The Press asking the wrong questions and mis-reporting due to not understanding the environment is to be expected. But ringing up family members at 4am is not good form. Having the Police in charge of the operation was probably a good thing as it takes that pressure and responsibility off the Mines Rescue team and makes the Rescue team follow procedure.
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Re: West Coast Mining Incident

Postby Fraser on Thu 2/Dec/10 6:10pm

scatter wrote:
Fraser wrote:But FFS this is taking a long time to get 2 km down a path.

WTF man :ib:

Down a path? It's 2 frikkin kilometres underground :blink:


Which is a path, underground.
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Re: West Coast Mining Incident

Postby catmannz on Thu 2/Dec/10 7:11pm

Fraser wrote:
scatter wrote:
Fraser wrote:But FFS this is taking a long time to get 2 km down a path.

WTF man :ib:

Down a path? It's 2 frikkin kilometres underground :blink:


Which is a path, underground.


Through an enclosed space full of poisonous and explosive gas. Requiring a rescue to be on foot using air tanks with limited duration of supply.

Have you tried wearing breathing gear while carrying S&R gear? More to the point have you tried to lug it all for 2km underground in a hostile environment?

I'm guessing it wouldn't be easy.
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Re: West Coast Mining Incident

Postby Fraser on Sun 5/Dec/10 12:00am

There are tools for this. I work in Explosive demolition, although I am not a mining specialist I have used one of these http://www.brokk.com/ for when things are risky.
I have observed cable and video linked ones being used in hostile environments such as Uranium mining. The small ones you can fit on a back of a ute.

My equipment that I wear is anti static and there are tools that we use that ensure we don't set the explosives off. I have worn those all in one suits a couple of times too so understand the uncomfort.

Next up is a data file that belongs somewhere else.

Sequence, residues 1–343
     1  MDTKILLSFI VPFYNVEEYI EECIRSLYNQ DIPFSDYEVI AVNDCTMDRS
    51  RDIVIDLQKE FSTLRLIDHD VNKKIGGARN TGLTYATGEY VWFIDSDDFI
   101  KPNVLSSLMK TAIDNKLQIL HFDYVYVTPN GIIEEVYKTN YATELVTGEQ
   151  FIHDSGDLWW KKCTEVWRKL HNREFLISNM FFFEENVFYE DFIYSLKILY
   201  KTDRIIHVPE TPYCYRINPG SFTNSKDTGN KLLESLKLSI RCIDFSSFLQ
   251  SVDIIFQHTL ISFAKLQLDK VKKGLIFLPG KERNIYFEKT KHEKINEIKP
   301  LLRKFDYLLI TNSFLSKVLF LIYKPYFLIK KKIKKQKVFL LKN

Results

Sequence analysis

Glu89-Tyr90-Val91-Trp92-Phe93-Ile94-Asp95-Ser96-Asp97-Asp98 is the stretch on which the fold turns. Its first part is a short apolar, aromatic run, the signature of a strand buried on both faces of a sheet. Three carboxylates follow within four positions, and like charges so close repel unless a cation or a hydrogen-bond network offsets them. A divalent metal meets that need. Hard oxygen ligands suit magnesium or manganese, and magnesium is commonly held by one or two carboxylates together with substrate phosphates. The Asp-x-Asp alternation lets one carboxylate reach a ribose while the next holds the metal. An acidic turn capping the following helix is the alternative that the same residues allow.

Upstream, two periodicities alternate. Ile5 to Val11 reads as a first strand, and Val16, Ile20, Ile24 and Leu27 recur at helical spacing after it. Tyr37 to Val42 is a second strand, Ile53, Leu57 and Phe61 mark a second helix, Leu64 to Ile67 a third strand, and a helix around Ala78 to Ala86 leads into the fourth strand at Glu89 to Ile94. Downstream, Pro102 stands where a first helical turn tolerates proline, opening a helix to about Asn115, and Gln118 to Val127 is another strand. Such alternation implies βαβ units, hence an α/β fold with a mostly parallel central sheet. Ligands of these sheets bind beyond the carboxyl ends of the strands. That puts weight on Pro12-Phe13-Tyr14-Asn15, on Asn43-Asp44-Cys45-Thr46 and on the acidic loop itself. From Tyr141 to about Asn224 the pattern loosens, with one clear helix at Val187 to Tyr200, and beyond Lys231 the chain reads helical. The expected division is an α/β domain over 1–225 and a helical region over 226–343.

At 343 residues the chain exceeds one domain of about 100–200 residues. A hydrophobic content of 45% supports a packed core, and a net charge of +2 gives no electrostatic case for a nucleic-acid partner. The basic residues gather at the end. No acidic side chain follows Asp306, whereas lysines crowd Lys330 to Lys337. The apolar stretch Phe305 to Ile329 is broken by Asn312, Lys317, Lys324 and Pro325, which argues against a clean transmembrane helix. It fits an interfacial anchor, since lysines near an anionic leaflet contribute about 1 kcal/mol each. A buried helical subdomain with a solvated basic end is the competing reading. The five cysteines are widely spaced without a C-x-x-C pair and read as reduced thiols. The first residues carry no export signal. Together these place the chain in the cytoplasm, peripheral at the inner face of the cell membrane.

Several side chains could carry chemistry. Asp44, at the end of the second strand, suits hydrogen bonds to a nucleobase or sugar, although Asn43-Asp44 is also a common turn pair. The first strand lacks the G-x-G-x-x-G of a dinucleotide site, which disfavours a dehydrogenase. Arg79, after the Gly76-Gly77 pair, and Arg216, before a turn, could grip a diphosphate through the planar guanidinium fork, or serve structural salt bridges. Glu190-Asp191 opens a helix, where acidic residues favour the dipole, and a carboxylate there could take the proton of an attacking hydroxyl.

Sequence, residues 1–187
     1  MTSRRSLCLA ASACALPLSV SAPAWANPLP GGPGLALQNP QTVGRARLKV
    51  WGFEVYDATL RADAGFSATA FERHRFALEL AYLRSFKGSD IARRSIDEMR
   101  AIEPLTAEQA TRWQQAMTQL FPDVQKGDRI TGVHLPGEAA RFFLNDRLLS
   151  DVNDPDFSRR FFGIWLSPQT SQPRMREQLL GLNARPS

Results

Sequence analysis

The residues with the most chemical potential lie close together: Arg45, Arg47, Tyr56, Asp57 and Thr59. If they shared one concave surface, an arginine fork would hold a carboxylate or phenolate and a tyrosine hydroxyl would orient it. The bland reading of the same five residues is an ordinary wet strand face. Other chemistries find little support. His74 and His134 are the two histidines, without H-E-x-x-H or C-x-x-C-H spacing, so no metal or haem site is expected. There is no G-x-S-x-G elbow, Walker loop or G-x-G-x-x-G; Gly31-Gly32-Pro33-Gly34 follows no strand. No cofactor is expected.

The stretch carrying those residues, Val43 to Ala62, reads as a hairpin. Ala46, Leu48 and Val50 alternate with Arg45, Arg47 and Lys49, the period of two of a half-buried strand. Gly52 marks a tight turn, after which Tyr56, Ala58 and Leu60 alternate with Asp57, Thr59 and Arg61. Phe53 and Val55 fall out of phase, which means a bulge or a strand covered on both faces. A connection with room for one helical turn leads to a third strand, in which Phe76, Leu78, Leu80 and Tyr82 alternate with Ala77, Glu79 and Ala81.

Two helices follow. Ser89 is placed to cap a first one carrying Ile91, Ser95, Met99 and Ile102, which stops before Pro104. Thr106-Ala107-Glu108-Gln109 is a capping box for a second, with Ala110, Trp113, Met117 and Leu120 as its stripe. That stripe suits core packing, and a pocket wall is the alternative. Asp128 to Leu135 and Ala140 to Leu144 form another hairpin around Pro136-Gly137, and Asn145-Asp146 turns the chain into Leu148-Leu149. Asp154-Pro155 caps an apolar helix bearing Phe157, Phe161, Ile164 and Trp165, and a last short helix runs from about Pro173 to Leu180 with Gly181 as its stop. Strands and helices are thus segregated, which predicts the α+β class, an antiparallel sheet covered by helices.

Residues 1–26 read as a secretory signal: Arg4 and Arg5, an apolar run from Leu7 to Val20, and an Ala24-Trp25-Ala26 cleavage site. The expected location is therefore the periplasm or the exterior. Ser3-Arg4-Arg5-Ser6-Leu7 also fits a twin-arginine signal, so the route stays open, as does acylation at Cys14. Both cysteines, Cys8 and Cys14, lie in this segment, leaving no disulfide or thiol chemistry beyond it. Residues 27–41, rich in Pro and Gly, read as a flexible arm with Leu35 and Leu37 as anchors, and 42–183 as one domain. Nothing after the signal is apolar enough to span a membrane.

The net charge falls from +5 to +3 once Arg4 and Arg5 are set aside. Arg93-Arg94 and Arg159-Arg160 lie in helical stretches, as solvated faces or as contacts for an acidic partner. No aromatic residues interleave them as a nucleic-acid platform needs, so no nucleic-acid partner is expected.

Need air? Take 2 tanks, take a bunch of them on a trailer you pull along.

I'm sorry if I seem crass, but I don't see this as a moon landing. You just need the right tools.
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Re: West Coast Mining Incident

Postby schlek1 on Sun 5/Dec/10 1:43am

Fraser wrote:There are tools for this. I work in Explosive demolition, although I am not a mining specialist I have used one of these http://www.brokk.com/ for when things are risky.
I have observed cable and video linked ones being used in hostile environments such as Uranium mining. The small ones you can fit on a back of a ute.

My equipment that I wear is anti static and there are tools that we use that ensure we don't set the explosives off. I have worn those all in one suits a couple of times too so understand the uncomfort.
Need air? Take 2 tanks, take a bunch of them on a trailer you pull along.

I'm sorry if I seem crass, but I don't see this as a moon landing. You just need the right tools.


What a load of crock.

Of course there are tools for this, special forces all around the world have intrinsically safe tools for NBC and clandestine lab operations. But human error is always a major factor and concern. They dont make you bullet or blow up proof.

Carry a trailer ??? are you serious ?? I would say getting to the moon would actually be easier and safer than "pulling a trailer". DO you realise how difficult it is to operate for long periods in a hostile environment in that sort of kit ? And then to throw a rope around your waste attached to a trailer.....OMG.

Even the fittest most experienced firefighter/mine rescuer in the country would be struggling to pull that off. Even if he/they made it to some of the injured then how do they then get them out ? It would take 6 men at least to stretcher one man out. And that would take hours in a mine like that. And while the rescuers might be intrinscially aware and safe the rescuees most certainly would not have been.

I would say the best rescue teams in the world would have been struggling to just get past the "gun barrell" pulling a trailer full of O2 tanks in that environment let alone getting into the heart of the mine and saving everyone.

It might be a good script for a hollywood movie but thats all pal.

Jeepers what next.......